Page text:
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JavascriptDownload.net > Free Javascript Lessons > Java in 60 Minutes a Day > 8- Polymorphism and Abstraction / The instanceof Keyword

The instanceof Keyword

In the CastDemo program in Listing 8.3, an Employee reference was cast to a

Salary reference. The cast was successful because the object being cast was

actually a Salary object. If we had attempted to cast the object to something

that it wasn’t, however, an exception would have occurred.

Let me demonstrate this with a specific example. The Salary class extends

Employee. Suppose that in Listing 8.4, the class named Hourly also extended

Employee.

public class Hourly extends Employee

{

private double hourlyRate, hoursWorked;

public Hourly(String name, String address, int number,

double hourlyRate)

{

Listing 8.4 The Hourly class extends the Employee class. (continued)

Polymorphism and Abstraction 221

super(name, address, number);

setHourlyRate(hourlyRate);

}

public double getHourlyRate()

{

return hourlyRate;

}

public void setHourlyRate(double newRate)

{

if(newRate >= 0.0 && newRate <= 200.00)

{

hourlyRate = newRate;

}

}

public double getHoursWorked()

{

return hoursWorked;

}

public void setHoursWorked(double h)

{

if(h >= 0 && h <= 80)

{

hoursWorked = h;

}

}

public double computePay()

{

System.out.println(“Computing hourly pay for “ + getName());

if(hoursWorked <= 40)

{

return hourlyRate * hoursWorked;

}

else

{

return hourlyRate * 40.0

+ hourlyRate * 1.5 * (hoursWorked - 40);

}

}

}

Listing 8.4 (continued)

The following valid statements instantiate an Hourly object, referring to it

with an Employee reference. The reference is cast to Hourly to invoke the

methods of the Hourly class.

222 Chapter 8

Employee h = new Hourly(“Abe Lincoln”, “Springfield, IL”, 16, 8.00);

((Hourly) h).setHoursWorked(40);

((Hourly) h).computePay();

h.mailCheck();

However, suppose I tried to cast the Hourly object to a Salary object:

Salary s = (Salary) h; //This compiles OK!

s.computePay(); //Which computePay() gets invoked?

Keep in mind that the compiler thinks h is an Employee, and casting an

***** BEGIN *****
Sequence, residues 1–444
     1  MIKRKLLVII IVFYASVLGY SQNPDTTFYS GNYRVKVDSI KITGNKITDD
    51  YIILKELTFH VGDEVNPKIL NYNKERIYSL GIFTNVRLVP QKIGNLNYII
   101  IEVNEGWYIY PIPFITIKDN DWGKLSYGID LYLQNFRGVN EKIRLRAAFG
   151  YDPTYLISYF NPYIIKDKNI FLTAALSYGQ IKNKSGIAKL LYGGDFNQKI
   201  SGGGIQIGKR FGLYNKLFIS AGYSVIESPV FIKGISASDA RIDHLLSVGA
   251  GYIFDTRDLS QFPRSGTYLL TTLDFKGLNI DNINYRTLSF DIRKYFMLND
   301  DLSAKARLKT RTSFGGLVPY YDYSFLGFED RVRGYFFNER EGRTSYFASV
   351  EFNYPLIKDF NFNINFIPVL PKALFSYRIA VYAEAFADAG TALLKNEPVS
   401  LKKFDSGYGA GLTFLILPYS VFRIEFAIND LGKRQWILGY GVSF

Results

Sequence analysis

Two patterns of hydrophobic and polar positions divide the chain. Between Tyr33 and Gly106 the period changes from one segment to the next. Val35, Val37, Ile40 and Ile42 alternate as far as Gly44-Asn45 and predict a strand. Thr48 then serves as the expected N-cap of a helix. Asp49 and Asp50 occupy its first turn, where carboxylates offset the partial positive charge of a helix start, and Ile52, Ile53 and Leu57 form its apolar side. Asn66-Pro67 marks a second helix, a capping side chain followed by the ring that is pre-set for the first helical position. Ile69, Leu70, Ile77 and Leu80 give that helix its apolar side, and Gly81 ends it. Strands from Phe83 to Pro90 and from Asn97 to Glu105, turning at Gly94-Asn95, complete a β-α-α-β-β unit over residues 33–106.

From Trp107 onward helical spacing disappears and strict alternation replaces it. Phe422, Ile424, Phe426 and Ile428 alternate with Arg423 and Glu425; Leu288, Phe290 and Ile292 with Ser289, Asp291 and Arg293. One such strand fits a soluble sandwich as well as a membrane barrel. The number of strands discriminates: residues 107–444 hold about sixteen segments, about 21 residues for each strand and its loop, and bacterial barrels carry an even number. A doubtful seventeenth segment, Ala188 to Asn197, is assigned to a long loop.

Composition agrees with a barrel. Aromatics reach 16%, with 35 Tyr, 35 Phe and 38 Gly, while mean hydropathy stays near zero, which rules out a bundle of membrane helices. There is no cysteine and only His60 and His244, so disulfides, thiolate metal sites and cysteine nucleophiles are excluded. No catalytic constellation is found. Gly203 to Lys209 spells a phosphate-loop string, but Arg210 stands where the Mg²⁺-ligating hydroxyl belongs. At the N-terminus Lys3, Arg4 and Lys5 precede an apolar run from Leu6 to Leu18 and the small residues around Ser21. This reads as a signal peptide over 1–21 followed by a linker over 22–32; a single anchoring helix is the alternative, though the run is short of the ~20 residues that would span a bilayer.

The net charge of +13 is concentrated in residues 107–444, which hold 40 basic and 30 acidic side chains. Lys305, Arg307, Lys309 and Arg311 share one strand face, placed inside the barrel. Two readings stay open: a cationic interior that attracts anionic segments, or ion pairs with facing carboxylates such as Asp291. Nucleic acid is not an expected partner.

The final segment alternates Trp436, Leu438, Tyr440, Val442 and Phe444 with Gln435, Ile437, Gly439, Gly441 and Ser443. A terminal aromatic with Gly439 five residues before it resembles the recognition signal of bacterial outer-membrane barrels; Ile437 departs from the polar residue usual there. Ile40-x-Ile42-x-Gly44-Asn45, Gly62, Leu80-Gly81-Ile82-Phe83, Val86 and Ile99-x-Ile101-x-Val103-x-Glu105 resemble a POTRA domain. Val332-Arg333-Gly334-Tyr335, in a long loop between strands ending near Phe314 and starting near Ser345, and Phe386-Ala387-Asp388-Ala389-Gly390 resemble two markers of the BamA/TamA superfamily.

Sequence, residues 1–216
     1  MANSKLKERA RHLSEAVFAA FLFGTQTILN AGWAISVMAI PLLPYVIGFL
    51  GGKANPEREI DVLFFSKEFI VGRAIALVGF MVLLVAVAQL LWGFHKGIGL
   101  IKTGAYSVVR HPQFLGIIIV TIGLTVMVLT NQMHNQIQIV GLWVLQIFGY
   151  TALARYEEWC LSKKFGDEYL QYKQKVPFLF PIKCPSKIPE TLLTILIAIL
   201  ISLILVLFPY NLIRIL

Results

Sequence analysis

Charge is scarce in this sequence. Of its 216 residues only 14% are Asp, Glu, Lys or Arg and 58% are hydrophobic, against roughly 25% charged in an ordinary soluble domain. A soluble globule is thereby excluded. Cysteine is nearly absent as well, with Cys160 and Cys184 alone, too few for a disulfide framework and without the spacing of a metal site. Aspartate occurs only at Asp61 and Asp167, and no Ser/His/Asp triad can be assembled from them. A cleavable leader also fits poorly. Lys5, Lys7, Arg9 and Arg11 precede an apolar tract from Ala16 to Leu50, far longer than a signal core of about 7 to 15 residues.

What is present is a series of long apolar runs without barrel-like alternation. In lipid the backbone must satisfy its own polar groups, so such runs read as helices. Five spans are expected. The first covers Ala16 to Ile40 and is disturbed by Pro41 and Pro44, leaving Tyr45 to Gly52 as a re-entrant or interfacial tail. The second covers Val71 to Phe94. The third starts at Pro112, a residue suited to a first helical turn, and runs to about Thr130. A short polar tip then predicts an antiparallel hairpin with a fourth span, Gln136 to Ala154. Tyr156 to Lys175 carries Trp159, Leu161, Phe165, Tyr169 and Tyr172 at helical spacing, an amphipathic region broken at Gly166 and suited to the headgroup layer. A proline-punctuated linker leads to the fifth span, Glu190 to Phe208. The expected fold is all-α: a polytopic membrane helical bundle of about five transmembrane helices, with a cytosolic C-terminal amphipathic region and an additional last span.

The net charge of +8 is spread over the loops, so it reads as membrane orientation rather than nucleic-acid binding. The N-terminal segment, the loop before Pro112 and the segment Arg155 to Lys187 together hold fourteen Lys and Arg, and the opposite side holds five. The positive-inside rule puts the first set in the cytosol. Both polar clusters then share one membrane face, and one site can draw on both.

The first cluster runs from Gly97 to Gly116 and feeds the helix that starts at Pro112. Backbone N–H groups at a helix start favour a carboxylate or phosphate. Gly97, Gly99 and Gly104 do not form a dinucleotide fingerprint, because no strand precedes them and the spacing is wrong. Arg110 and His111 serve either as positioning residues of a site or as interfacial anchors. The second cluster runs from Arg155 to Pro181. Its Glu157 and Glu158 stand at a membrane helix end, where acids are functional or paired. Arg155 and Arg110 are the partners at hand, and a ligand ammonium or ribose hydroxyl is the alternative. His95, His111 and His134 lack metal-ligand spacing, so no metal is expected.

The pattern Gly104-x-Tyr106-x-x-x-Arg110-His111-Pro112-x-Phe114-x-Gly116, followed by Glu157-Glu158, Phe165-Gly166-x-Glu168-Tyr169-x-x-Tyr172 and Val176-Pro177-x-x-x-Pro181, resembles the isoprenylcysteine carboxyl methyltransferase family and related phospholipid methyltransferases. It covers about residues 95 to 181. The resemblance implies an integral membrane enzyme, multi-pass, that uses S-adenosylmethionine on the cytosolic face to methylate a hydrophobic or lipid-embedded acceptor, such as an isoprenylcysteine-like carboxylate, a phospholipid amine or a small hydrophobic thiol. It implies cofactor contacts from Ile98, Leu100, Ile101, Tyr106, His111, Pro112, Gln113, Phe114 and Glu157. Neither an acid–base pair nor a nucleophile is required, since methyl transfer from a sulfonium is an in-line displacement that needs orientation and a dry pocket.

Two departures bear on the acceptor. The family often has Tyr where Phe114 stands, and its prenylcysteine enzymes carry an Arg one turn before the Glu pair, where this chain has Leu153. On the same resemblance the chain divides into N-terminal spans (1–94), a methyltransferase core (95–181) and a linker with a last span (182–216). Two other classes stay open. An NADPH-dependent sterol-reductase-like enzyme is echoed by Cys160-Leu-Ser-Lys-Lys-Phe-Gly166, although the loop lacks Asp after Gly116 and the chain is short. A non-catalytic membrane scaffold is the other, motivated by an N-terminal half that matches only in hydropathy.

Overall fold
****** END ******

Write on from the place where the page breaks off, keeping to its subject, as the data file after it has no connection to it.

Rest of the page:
Employee to a Salary is a compatible cast. This statement compiles, but there is

a problem looming. At run time, when h is cast to an Hourly object, a Class-

CastException will occur and the program will terminate. Java is very strict

about data types, and casting an Hourly object to type Salary is not valid

because the two types are not compatible.

By the way, invoking computePay() with s also compiles. Notice, too, in

the comment, that I asked “Which computePay() method gets invoked?”

More specifically, is it the computePay() in Hourly or the one in Salary?

The answer is neither because the cast one line above causes an

exception, and any ensuing statements will not execute.

What if you are not sure of the actual data type of h? Because h is of type

Employee, h can refer to an Employee object, a Salary object, or an Hourly

object. The instanceof keyword can be used to determine the data type of a reference.

The syntax for using instanceof looks like:

reference instanceof ClassName

The instanceof operator returns true if the reference is of the given class

type, and false otherwise. For example, before casting h to a Salary object, we

should have made the following check:

if(h instanceof Salary)

{

Salary s = (Salary) h;

s.computePay();

//And so on

}

The cast above occurs only when h actually refers to a Salary object, so we

are guaranteed to avoid a ClassCastException when using the instanceof operator

in this manner.

Polymorphism and Abstraction 223

ClassCastException is the type of exception that occurs from poorly

written code. You should always use the instanceof operator to check the

data type of a reference before casting the reference, thereby averting any

chance of a ClassCastException.

The following InstanceOfDemo program in Listing 8.5 demonstrates the

instanceof operator. Study the program carefully and try to determine the output,

which is shown in Figure 8.2.

public class InstanceOfDemo

{

public static void main(String [] args)

{

Employee h = new Hourly(“Abe Lincoln”, “Springfield, IL”,

16, 8.00);

System.out.println(h.getName() + “ “ + h.getNumber());

if(h instanceof Salary)

{

System.out.println(“Casting to a Salary reference”);

Salary x = (Salary) h;

System.out.println(“Pay = “ + x.computePay());

x.mailCheck();

}

else if(h instanceof Hourly)

{

System.out.println(“Casting to an Hourly reference”);

Hourly x = (Hourly) h;

x.setHoursWorked(80);

System.out.println(“Pay = “ + x.computePay());

x.mailCheck();

}

System.out.println(“\nDeliberately cast to the wrong type”);

Salary s = (Salary) h;

s.computePay();

s.mailCheck();

System.out.println(“End of main”);

}

}

Listing 8.5 The InstanceOfDemo program uses instanceof to verify the data type of a

reference before casting.

224 Chapter 8

Figure 8.2 The output of the InstanceOfDemo program.

Notice in the output of the InstanceOfDemo program in Figure 8.2 that the

statement “End of main” is not displayed. A ClassCastException occurs at

the statement:

Salary s = (Salary) h;

This exception causes main() to stop executing, and your program

terminates. Therefore, the last three statements in main() do not execute.

The flow of control when an exception occurs is discussed in detail in

Chapter 11, “Exception Handling.”

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